Bodies of COVID-19 casualties were among those dumped in India’s Ganges, according to a government document.

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A state government said in a letter seen by Reuters that 19 victims had been found dumped in some Indian rivers, the first official acknowledgement of an unsettling practise that it said stemmed from insecurity and fear of disease in villages.

Images of bodies floating down the Ganges river, which Hindus regard as holiest, have stunned a country grappling with the world’s worst outbreak of infections.

Although the media has attributed the recent uptick in such bodies to the pandemic, the northern state of Uttar Pradesh, which has a population of 240 million people, has yet to officially announce the cause of the deaths.


“The administration has information that bodies of those who have succumbed to COVID-19 or any other disease are being thrown into rivers instead of being disposed of as per proper rituals,” a senior state official, Manoj Kumar Singh, said in a May 14 letter to district heads that was reviewed by Reuters.

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“As a result, bodies have been recovered from rivers in many places.”

Singh confirmed the letter to Reuters but said autopsies on four to five bodies in the state’s disrict of Ghazipur had not revealed virus infection.

“The bodies are decomposed, so I am not sure in this state it can be found out about corona positive,” he said in a text message.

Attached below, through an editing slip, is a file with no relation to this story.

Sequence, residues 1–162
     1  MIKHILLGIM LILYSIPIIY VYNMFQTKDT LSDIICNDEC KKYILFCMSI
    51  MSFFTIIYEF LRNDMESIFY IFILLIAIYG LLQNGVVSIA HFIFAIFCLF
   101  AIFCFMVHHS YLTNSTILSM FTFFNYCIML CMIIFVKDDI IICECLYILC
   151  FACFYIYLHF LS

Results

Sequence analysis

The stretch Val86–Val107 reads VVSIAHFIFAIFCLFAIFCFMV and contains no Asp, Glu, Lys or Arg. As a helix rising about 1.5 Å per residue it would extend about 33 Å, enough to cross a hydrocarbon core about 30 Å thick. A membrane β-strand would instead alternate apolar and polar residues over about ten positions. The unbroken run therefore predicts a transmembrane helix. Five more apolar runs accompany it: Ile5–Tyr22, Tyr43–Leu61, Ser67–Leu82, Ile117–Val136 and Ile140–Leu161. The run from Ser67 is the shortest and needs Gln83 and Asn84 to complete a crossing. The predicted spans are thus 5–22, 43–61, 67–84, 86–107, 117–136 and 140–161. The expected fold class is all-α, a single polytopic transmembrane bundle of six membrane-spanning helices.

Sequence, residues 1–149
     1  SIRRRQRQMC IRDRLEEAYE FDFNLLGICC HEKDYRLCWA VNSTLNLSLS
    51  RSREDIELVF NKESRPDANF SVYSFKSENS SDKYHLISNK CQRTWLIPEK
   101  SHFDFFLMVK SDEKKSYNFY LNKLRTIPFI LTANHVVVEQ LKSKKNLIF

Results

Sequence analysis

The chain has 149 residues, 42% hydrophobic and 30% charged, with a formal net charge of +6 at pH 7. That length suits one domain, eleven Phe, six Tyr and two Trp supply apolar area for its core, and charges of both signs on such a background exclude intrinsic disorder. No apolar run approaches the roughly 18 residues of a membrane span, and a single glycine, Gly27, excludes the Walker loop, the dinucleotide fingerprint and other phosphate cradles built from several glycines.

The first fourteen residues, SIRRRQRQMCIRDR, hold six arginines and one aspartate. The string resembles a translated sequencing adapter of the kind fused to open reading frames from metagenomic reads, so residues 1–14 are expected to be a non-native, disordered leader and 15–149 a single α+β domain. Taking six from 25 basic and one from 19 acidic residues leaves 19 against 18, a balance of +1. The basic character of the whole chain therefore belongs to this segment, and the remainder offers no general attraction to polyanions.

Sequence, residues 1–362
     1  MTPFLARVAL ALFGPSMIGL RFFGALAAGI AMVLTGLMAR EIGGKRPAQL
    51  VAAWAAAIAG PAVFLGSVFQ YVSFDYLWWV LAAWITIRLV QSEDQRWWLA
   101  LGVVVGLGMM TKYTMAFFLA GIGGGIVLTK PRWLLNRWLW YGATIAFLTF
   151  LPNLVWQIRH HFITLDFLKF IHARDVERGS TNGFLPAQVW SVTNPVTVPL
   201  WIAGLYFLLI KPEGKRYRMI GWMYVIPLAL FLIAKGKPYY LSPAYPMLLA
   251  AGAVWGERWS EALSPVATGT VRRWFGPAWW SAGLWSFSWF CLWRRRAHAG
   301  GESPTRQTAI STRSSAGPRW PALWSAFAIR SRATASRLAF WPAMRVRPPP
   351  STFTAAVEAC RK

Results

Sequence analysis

Prime Minister Narendra Modi urged officials on Saturday to beef up rural healthcare resources and boost surveillance as the virus spreads rapidly in those areas, after ravaging the cities.

Uttar Pradesh, home to more people than Brazil or Pakistan, has been badly hit by India’s dramatic second surge of COVID-19. Health experts say many cases are going undetected in the state’s villages, home to the bulk of its people.

According to Singh’s memo, among the possible causes of the increase in dumping are a scarcity of funds for supplies such as firewood for cremation, religious practises in certain countries, and families leaving victims due to fear of the disease.

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He instructed village officials to insure that no corpses were dumped into water and announced that the state government would pay poor families 5,000 rupees ($68) each to cremate or bury the dead.

The state has also asked police to patrol rivers to stop the practice.

For nearly two weeks, India has been officially announcing about 4,000 daily deaths from the epidemic, but health analysts believe the toll is likely much higher due to reasons such as inadequate monitoring in rural areas.

The increase in deaths has caused backlogs at crematoriums around the country and increased the expense of last rites.

On Saturday, Uttar Pradesh spokesman Navneet Sehgal dismissed media claims that up to 2,000 bodies of potential virus patients had been taken from rivers in the state and neighbouring Bihar in recent days.


“We keep recovering 10 to 20 bodies every now and then,” Sehgal told Reuters, adding that some riverside villages did not cremate their dead due to Hindu traditions during some periods of religious significance.


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